It’s not just the contenders that will make moves. The rebuilding Baltimore Orioles own one of the AL’s worst records, and none of the current catchers will be on their next winning club. Despite a fine spring at the plate, top catching prospect Chance Sisco was sent to AAA-Norfolk to work on his receiving skills. At the plate, Sisco has rebounded ferociously from a slow start—15-for-his-last-28 with 5 HR and 5 walks through May 5—and now owns a .903 OPS. Offensively, he looks ready for another MLB shot, which should come well before the July All-Star break.  

Likewise, Sisco’s Norfolk teammate Ryan Mountcastle is a bat-first prospect who has shifted from third base to first base due to defensive deficiencies. But whether he ends up at 1B or in LF, Mountcastle’s bat will be ready for an audition shortly, as indicated by his .916 OPS through 119 AB.  Playing in a hitter-friendly park, but among the bottom-feeders in AL scoring, the Orioles will find a spot in their lineup for Mountcastle at some point this season.  


With left-hander Carlos Rodon going down with an elbow injury and no one in the White Sox’ current rotation with an ERA below 5.00, Chicago’s healthiest pitching prospect Dylan Cease looks primed for a call-up soon. Cease seems well past his Tommy John surgery, logging 124 IP between Class-A Advanced and Class AA for the White Sox while racking up 160 whiffs along with a 2.40 ERA in 2018. And so far so good at AAA-Charlotte, where he’s posted a 30/7 K/BB and a 3.33 ERA through 24 IP in his first five starts. Cease is a work-in-progress control-wise and unlikely to get great support from his club. But his premium velocity will miss bats, making him a nice stash for fantasy owners in need of strikeouts.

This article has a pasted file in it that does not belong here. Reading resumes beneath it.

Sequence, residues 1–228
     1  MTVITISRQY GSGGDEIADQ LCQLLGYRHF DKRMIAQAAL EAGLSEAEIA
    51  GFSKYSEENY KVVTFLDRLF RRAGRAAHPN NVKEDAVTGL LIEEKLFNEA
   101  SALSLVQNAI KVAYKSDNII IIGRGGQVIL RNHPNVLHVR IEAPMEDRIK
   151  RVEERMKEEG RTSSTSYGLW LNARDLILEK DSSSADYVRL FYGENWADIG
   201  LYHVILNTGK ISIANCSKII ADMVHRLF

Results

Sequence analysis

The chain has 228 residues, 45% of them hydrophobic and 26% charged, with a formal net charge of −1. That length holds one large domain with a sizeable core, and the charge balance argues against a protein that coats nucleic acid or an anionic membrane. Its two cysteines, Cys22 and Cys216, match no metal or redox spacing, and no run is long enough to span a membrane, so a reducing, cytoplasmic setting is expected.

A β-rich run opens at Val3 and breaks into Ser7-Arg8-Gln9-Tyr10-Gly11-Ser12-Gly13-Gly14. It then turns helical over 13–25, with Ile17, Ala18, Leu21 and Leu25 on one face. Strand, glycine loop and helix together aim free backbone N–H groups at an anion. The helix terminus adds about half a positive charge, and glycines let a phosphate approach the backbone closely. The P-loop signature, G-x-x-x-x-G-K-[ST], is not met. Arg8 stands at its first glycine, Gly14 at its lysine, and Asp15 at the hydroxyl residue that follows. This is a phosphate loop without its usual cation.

At the time he was sidelined with a strained rotator cuff, Jesus Luzardo had allowed just one run while posting a 15/4 K/BB in 10 spring training innings—and was already being called the A’s best starting pitcher. Recent reports indicate that Luzardo’s throwing sessions have gone without a hiccup, and he could be pitching in the minors again this month. As a 20-year-old, Luzardo advanced from Class-A Advanced to Class AAA in 2018, posting a 2.88 ERA and 129 Ks over 109 IP. If healthy, he’ll move fast. Luzardo’s elite upside and Oakland’s rotation woes make him a worthy flyer for pitching-desperate owners.

Some of the most interesting candidates are still under the radar. Miami Marlins control specialist Zac Gallen wasn’t even listed among the club’s top ten prospects at the beginning of spring training. But he’s added a few ticks to his velocity, and Gallen now owns a 48/5 K/BB and a 1.12 WHIP through his first six 2019 starts (40 IP) at Class AAA New Orleans. On an MLB club that has used just five starters over the first month-plus, Gallen is just an injury or a timeout away from an MLB debut that seems likely to come sooner than later.

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  For more information about the terms used in this article, see our Glossary Primer.